Friday, as I sat in Lee Hall, the only feeling that could describe how I felt was overwhelmed. I was sitting in the presence of legends, history makers and people that I respected.
Elaine Brown and Bobby Seale were a part of an organization that proved that not only could black people organize and work toward a common goal, but we could do so non-violently and still bring about change. Black people were so powerful that America had no choice but to respect us.
We were armed, informed and had a plan of action in place. We understood that change took time and was something that wouldn’t be accomplished with one sit-in, protest or catchy slogan.
So what happened?
We are so disconnected from our past that the actions of the Panthers, Malcolm and Angela seem like mere fairy tales and not the hard work and strength of those who struggled before us.
But I guess some black people feel we’ve made it, times were harder then than they are now, and there’s nothing left to fight for. But there is.
There’s the death of Martin Lee Anderson. No arrests have been made in his death and no charges have been filed. Like SGA President Phillip Agnew said at the panel discussion, “Justice delayed is justice denied. Once again Gov. Bush has lied.” Yet the black community waits patiently as if justice in this matter will come about on its own.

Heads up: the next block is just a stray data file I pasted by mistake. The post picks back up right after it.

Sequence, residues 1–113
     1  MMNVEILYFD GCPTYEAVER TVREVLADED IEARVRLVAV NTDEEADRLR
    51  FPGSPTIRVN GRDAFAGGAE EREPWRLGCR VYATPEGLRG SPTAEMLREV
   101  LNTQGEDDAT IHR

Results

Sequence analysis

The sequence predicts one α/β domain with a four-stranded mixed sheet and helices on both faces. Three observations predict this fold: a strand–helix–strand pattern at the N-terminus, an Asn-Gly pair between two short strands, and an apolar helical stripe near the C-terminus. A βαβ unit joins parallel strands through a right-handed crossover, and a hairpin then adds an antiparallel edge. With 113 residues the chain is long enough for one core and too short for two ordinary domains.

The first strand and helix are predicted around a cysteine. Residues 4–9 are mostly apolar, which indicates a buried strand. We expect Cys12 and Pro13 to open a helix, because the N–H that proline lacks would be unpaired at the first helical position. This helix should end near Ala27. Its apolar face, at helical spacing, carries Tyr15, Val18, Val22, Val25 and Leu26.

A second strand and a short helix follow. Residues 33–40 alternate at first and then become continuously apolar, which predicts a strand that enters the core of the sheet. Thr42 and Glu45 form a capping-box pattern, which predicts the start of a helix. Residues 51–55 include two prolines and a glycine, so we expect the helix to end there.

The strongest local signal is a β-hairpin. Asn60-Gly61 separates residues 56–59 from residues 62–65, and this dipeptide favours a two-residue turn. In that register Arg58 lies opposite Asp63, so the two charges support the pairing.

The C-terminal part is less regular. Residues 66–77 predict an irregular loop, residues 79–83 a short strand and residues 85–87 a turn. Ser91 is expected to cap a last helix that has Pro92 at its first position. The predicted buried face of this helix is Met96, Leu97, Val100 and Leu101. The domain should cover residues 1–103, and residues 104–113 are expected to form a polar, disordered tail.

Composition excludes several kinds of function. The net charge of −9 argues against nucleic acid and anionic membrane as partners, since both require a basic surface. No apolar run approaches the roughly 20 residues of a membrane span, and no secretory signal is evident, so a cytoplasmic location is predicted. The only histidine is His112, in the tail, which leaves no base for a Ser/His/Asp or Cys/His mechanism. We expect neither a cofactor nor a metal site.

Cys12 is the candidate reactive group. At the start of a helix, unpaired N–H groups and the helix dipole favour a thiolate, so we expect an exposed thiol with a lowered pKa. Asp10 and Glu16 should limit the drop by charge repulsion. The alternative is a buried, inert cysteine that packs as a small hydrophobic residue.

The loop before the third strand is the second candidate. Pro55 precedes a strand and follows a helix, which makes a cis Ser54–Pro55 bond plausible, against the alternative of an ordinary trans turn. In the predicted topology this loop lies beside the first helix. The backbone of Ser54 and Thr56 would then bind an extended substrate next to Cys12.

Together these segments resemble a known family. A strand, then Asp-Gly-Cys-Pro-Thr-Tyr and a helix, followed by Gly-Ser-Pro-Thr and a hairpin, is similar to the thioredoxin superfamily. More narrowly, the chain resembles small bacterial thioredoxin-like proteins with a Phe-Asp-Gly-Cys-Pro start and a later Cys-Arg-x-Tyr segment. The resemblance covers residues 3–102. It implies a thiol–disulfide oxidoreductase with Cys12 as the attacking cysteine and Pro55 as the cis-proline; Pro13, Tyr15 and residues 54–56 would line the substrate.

Personally, I think it’s that we’ve become comfortable with the “just okay” things in life and grown accustomed to mediocrity. We don’t dare to dream anymore, and we have definitely lost our will to fight. The only things we fight for now are net checks and parking spaces. And as far as dreams go, how many people can say they have one? Many of us have not thought past graduation and our cute little corporate job.
Imagine how powerful we would be if we pooled our resources and actually worked together. There wouldn’t be any piece of legislation we wanted passed that couldn’t be passed or any mayor, governor or president that couldn’t be elected if we collectively decided to vote. If we did, the issues surrounding the death of brother Anderson wouldn’t exist because we would have a governor that was elected by us and working for us.Imagine how powerful we could be if we built, invested and worked together to make each other and the black community wealthy.
We’ve got to stop limiting ourselves and stop using slavery as a crutch.
Yes, the things that happened during slavery still affect us but if we’re not doing anything to better ourselves and are comfortable with the slavery excuse, then we deserve to not have anything and to not prosper.
Nothing is free. Even freedom isn’t free. Everything comes at a cost.
So ask yourself, “What am I willing to pay?”
Amber Vaughan is a senior public relations student from Pensacola. She can be reached at firstname.lastname@example.org.